From Iceland — Minister Grants Permit To Allow Whaling To Resume

Minister Grants Permit To Allow Whaling To Resume

Published June 12, 2024

Photo by
Hard to Port

Minister of Food and Agriculture Bjarkey Olsen Gunnarsdóttir has granted the whaling company Hvalur ehf. a licence for hunting fin whales. The minister announced her decision following a government meeting on June 11. The permit is active for one year, allowing 128 fin whales to be hunted.

The decision follows one made in 2023 by Bjarkey’s predecessor, former fisheries minister Svandís Svavarsdóttir, to suddenly ban on whaling in 2023. In a conversation with the media, Bjarkey said that the decision does not reflect her party’s or her own opinions. “Regardless, I must follow the laws and rules and this is my conclusion now,” the minister said, continuing, “I believe we must contemplate, as a country and nation, whether we really want to continue [whaling].”

Still, a full whaling ban must be passed by Alþingi.

Disliked by both camps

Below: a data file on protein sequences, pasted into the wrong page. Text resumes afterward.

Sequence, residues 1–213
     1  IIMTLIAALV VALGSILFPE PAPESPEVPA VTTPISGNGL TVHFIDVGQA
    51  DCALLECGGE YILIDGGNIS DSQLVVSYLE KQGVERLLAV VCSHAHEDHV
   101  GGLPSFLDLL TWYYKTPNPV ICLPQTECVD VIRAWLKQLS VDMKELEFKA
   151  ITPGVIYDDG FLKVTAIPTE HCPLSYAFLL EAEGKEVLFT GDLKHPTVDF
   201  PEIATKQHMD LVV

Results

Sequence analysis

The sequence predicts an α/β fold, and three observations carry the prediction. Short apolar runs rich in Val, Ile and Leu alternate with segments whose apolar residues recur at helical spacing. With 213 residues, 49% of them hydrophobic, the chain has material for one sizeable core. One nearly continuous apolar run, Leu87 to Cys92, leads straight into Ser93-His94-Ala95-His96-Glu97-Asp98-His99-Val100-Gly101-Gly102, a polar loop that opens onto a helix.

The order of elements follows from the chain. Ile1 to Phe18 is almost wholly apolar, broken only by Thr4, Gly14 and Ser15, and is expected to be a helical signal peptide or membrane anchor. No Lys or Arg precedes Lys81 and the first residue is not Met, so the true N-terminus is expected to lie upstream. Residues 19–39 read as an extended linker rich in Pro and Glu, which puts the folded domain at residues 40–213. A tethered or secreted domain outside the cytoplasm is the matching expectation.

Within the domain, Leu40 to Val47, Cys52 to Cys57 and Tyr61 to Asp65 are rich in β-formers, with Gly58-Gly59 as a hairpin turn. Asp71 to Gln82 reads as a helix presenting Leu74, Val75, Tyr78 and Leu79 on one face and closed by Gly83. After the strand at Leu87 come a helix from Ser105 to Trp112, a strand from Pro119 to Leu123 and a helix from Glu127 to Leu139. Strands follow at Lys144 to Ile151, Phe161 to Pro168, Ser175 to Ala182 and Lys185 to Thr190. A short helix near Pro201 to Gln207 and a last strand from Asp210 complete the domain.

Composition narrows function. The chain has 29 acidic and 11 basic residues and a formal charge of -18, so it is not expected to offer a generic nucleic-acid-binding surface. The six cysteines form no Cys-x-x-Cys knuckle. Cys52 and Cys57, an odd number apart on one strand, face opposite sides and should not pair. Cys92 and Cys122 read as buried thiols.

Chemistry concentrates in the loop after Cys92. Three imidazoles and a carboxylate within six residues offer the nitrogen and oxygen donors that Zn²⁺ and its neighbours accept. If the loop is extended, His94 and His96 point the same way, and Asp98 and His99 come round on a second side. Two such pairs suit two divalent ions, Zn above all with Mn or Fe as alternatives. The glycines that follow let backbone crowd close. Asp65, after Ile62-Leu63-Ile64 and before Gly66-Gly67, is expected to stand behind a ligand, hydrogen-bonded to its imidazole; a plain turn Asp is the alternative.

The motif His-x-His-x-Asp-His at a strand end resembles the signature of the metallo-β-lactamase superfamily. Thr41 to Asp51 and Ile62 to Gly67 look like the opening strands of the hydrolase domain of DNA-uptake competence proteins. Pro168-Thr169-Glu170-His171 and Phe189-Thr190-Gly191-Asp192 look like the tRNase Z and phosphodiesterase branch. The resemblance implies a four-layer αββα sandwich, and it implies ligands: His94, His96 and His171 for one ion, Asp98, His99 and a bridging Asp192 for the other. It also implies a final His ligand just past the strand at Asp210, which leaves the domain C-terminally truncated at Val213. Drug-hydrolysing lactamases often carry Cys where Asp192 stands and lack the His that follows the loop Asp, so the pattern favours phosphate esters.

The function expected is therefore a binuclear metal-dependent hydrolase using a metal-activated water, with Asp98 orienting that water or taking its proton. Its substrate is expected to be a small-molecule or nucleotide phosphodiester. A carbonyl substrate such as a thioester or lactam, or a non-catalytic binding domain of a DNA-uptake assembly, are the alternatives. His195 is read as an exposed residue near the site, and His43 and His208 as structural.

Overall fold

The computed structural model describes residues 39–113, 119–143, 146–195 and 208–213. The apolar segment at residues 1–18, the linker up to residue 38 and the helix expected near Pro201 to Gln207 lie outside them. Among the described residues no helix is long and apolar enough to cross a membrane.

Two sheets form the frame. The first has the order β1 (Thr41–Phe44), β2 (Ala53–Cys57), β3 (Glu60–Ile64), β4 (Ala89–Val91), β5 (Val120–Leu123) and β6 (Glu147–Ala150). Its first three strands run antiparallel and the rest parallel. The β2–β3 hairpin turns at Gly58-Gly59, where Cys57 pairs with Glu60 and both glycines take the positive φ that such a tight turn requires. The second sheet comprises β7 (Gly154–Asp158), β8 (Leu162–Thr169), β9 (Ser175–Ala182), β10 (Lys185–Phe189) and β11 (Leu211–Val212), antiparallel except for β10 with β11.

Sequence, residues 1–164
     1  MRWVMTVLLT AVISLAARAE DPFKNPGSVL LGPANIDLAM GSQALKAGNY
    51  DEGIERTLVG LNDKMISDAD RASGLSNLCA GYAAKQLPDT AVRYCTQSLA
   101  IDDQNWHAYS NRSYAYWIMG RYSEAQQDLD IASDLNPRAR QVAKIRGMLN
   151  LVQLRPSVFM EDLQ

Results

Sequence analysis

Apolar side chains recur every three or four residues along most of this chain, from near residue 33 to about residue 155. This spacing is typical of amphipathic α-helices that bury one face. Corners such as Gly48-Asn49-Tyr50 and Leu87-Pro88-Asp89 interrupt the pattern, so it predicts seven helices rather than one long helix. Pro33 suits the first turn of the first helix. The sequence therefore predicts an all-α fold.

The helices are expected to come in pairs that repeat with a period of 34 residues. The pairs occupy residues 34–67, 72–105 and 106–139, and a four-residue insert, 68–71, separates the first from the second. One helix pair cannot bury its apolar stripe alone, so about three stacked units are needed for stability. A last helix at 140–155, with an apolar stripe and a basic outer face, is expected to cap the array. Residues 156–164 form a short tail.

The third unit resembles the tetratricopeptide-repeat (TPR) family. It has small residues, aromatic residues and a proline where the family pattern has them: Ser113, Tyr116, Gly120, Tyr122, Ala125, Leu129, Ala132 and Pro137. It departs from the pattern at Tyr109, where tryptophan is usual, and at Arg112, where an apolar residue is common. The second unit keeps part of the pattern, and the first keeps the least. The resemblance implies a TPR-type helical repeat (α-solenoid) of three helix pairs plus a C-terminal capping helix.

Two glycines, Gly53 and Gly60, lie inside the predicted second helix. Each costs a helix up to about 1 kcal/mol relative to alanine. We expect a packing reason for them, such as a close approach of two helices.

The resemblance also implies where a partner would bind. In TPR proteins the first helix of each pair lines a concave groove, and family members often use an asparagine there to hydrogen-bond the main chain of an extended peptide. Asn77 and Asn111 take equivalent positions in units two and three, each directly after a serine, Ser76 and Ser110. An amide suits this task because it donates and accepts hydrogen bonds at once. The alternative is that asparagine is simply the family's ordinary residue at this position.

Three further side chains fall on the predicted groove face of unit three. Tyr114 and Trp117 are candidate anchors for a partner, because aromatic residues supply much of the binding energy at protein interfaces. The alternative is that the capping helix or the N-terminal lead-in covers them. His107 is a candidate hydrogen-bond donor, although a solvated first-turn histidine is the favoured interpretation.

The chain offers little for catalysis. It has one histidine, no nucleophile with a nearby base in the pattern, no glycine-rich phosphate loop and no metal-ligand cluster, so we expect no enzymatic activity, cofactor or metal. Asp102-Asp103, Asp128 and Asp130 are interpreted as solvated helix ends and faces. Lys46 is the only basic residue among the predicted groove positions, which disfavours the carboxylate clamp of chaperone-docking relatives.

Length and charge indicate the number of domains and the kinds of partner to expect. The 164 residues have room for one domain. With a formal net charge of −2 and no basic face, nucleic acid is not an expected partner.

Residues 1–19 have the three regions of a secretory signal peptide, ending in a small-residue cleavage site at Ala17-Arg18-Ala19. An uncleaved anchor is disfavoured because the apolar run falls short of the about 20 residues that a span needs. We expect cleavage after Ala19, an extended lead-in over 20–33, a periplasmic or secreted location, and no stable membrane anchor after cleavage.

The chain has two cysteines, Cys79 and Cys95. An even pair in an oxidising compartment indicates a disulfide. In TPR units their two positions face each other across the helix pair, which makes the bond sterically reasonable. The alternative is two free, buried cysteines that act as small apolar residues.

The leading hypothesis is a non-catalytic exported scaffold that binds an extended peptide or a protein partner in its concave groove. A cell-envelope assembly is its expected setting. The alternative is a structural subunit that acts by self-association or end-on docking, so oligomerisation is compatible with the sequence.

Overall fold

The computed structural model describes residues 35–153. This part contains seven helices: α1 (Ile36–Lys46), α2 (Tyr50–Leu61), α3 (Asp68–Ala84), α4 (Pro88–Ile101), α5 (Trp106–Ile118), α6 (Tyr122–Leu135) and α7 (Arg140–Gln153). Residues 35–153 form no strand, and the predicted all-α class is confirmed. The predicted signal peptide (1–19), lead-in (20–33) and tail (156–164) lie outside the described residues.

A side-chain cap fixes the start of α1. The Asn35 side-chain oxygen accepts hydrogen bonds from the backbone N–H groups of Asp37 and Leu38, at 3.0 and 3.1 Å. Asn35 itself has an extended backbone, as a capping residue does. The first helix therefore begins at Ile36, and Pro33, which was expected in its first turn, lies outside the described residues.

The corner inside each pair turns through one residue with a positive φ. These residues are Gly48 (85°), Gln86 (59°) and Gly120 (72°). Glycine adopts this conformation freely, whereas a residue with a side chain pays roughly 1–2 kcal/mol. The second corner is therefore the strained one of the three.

The decision has been met with animosity from both sides of the issue. Animal welfare activists called Bjarkey’s decision “a lack of courage”, while CEO of Hvalur ehf. Kristján Loftsson stated in an interview with Morgunblaðið that he cannot foresee any whaling this summer, due to the permit’s lack of notice. The company’s hunting licence expired at the start of this year.

Fisheries Iceland CEO Heiðrún Lind Marteinsdóttir said the minister’s decision was equivalent to a ban on whaling.

Animal welfare group Hvalavinir has organised a demonstration happening on the evening of June 12 to protest the minister’s decision. The demonstration is planned for 19:30 at Austurvöllur.

A long-awaited decision

In June 2023, Svandís Svarsdóttir announced a stop to the country’s whaling practises following the grim report published by Iceland’s Food and Veterinary Authority (MAST). The moratorium lasted until August 31 2023. Whaling commenced shortly thereafter and was met with resistance from activists, some of whom chained themselves to whaling ships.

In early January 2024, the Ombudsman for Alþingi published a review of Svandís’ whaling ban. The office concluded that Svandís’ decision was not in accordance to the law.



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